March 7, the feast day for St. Perpetua, is behind us. But, her inspirational testimony still lives on. St. Perpetua was an incredible young African woman, mother and martyr of the Catholic Church. She bore witness to her Savior with her very life; this, around the year 203 A.D. She was one of those Catholics who were martyred shortly after her baptism.
The new convert was arrested and imprisoned for being a Christian. Summoned before the court in northern Africa, she was given the opportunity to renounce her faith in Christ. St. Perpetua’s father, who was standing by, first pleaded with her in anger and then in tears for her to deny her Christian identity. But neither the judge nor her own father could prevail on her. As pagans, they could not understand why this young mother would not renounce her faith in order to live. Incensed by St. Perpetua’s “stubbornness,” he sentenced her to the wild beasts in the amphitheater (a kind of mini-coliseum).
With resolve and joy in her heart, she returned to her cell. But the conditions of the prison were oppressive. With an infant to nurse and care for, it was all the more difficult to remain joyful. During the days leading up to her death she had time to write an account of those dark days in the dungeon.
"A few days later we were lodged in the prison, and I was much frightened, because I had never known such darkness. What a day of horror! Terrible heat, owing to the crowds! Rough treatment by the soldiers! To crown all I was tormented with anxiety for my baby. But Tertius and Pomponius, those blessed deacons who ministered to us, paid for us to be moved for a few hours to a better part of the prison and we obtained some relief. All went out of the prison and we were left to ourselves. My baby was brought and I nursed him, for already he was faint for want of food. I spoke anxiously to my mother on his behalf and encouraged my brother and commended my son to their care. For I was concerned when I saw their concern for me. For many days I suffered such anxieties, but I obtained leave for my child to remain in the prison with me, and when relieved of my trouble and distress for him, I quickly recovered my health. My prison suddenly became a palace to me and I would rather have been there than anywhere else.”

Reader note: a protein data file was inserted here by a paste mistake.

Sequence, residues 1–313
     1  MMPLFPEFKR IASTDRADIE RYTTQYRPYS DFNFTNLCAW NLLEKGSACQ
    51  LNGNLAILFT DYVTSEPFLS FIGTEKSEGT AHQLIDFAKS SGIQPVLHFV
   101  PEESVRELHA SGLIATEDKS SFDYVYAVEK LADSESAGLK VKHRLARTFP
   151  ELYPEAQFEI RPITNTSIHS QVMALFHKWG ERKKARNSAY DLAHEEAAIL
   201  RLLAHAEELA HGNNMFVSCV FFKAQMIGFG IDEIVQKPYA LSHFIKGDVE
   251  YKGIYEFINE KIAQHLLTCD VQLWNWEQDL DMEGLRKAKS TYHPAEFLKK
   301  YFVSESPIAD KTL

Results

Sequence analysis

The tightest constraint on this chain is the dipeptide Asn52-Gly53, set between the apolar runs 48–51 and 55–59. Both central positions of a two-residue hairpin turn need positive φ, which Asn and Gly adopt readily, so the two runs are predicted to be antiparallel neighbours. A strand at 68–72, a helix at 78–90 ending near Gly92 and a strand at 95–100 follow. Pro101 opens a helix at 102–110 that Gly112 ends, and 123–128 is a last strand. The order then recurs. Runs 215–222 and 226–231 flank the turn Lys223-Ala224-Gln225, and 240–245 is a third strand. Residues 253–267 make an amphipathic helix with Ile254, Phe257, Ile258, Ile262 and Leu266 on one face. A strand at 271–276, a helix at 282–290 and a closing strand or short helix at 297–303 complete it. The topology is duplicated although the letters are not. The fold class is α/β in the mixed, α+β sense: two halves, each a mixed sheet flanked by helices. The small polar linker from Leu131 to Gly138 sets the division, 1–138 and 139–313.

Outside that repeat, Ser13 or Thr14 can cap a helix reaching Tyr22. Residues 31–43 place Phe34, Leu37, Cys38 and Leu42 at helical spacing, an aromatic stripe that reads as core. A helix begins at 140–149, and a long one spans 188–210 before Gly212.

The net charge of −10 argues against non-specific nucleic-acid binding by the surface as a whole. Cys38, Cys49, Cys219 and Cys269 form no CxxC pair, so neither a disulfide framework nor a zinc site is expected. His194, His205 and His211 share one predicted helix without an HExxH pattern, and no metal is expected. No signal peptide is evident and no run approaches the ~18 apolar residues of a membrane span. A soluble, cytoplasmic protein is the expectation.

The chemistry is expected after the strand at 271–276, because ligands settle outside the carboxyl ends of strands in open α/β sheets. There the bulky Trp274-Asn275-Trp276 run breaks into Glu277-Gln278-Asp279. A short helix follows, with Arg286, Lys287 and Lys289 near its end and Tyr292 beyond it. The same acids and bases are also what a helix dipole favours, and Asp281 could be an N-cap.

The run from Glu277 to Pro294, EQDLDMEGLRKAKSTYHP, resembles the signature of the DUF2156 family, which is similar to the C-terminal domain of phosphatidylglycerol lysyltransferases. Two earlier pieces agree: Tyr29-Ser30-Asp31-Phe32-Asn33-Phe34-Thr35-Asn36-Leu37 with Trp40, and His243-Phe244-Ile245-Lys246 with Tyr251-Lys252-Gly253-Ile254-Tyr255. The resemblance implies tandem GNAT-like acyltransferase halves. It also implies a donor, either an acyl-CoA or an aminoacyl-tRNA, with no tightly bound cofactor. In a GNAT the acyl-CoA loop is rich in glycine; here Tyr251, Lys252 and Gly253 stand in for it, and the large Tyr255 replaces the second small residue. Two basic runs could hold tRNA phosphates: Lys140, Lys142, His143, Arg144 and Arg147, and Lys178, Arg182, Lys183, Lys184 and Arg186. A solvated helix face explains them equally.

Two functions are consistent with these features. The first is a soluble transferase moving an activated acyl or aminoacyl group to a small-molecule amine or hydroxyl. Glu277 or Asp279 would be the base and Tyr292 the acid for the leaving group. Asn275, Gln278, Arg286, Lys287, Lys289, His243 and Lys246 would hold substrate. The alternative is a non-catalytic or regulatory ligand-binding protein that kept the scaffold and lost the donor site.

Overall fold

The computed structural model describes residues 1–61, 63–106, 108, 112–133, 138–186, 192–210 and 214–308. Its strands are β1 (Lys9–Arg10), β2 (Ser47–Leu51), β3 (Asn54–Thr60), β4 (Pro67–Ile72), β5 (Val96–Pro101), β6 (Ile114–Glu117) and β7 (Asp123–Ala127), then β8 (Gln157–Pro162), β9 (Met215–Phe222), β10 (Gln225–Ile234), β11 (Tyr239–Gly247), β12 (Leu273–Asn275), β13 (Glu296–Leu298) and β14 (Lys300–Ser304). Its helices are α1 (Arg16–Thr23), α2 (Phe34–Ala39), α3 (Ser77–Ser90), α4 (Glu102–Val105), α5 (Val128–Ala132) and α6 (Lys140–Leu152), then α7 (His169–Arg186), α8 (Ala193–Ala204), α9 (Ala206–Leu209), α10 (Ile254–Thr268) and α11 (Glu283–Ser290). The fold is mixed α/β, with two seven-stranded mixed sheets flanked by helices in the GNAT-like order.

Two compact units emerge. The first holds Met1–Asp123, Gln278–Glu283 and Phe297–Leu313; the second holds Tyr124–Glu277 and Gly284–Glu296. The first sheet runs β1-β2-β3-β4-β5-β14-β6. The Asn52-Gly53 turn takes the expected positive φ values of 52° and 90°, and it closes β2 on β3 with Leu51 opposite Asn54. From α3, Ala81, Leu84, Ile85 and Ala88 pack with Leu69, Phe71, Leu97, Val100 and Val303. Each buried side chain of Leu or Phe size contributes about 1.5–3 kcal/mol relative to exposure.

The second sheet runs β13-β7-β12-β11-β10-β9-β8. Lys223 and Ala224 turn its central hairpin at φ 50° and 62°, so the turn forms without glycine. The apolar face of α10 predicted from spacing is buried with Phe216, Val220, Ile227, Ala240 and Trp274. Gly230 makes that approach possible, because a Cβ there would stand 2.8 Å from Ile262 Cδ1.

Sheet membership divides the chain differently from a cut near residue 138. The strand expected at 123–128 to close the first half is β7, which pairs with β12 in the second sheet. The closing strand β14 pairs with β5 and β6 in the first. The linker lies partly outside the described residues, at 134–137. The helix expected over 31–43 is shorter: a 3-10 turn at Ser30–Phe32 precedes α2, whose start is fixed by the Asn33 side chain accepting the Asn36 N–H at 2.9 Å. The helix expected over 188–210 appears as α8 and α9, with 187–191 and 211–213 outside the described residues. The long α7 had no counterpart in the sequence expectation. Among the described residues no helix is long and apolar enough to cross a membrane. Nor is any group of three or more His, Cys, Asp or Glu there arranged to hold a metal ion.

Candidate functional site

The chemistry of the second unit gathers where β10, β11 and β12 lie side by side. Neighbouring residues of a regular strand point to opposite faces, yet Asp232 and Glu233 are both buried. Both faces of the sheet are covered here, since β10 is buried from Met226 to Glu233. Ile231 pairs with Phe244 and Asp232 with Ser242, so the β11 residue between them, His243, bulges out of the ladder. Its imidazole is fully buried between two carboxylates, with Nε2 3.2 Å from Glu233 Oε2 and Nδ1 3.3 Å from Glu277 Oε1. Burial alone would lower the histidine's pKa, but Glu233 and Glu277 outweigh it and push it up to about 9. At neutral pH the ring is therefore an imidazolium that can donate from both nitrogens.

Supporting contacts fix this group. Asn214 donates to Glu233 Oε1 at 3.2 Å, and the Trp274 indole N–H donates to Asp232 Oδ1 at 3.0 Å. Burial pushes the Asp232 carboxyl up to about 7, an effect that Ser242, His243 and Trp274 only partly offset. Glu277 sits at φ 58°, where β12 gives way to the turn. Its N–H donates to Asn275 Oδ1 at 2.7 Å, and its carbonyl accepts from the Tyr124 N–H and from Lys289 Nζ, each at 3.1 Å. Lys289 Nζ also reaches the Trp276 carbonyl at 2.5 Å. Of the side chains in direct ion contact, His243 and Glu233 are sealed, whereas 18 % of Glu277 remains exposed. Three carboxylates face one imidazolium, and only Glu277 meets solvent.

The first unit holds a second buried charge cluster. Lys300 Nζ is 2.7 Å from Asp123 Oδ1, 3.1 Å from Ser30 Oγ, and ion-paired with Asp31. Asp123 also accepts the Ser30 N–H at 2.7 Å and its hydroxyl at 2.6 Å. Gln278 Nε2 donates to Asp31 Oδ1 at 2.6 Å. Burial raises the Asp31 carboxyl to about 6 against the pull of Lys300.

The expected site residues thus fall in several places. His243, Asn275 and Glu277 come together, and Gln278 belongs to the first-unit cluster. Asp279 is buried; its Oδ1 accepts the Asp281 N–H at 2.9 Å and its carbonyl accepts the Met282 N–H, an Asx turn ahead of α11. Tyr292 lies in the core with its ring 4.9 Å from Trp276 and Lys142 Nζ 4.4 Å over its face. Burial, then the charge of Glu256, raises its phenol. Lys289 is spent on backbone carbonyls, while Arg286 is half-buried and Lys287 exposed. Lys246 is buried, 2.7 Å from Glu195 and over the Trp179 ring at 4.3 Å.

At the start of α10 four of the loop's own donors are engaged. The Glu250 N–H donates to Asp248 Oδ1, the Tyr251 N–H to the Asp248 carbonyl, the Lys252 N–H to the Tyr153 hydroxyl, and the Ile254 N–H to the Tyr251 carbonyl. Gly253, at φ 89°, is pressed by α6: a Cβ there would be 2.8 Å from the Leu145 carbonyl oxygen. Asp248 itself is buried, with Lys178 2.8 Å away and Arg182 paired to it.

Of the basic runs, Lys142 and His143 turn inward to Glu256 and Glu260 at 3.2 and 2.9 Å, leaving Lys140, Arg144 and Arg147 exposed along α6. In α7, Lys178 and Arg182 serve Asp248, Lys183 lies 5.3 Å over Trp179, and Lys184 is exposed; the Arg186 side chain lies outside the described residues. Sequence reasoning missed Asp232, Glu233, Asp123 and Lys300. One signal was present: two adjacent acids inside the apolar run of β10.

“My prison became a palace to me!” Ah! What an insight. It is life’s best kept secret: to taste the joy of knowing Christ even in the greatest of difficulties. When the charms of this earthly life loses its sparkle and its promise seems to fade, it is then that the Good Lord often communicates the joys of heaven; so much so that people who feel close to God amid great trials develop a nostalgia for it when life prospers again.
It was reported that during St. Perpetua’s last meal (with other Christians such as St. Felicity) there were many conversions. She, as with her companions, was ready to lay down her life for Christ. This inspired many onlookers, to be sure. In fact, as she was led to the amphitheater, St. Perpetua was singing hymns. Indeed, a kind of spiritual levity came over her. And she was heard saying to her brother: “Stand fast in the faith and love one another! Do not let suffering be a stumbling block for you.”
To make a long story short, St. Perpetua provided the kind of entertainment the blood-thirsty pagans were looking for. After she entered the arena, a mad bull (or cow) tossed her about. Refusing to be disheveled, the young disciple of Christ picked herself up, straightened out her robe and proceeded to fix her hair. Apparently, she wanted to look good for Christ on her wedding day, the day that she was to be walked down that isle in Heaven.
In any case, St. Felicity, her companion, had also been attacked and wounded in the amphitheater during the same show. St. Perpetua approached her saintly companion and gave her the kiss of peace. It just so happened that the wild animals were no longer in the mood for killing. They had retreated into the cages. Nevertheless, the show had to go on. A few novice gladiators came out to finish the job. One gladiator in particular – nervous as can be – attempted to apply the sword to St. Perpetua’s neck but he was shaking too hard. The young Saint helped guide the sword to her own throat. The rest is history.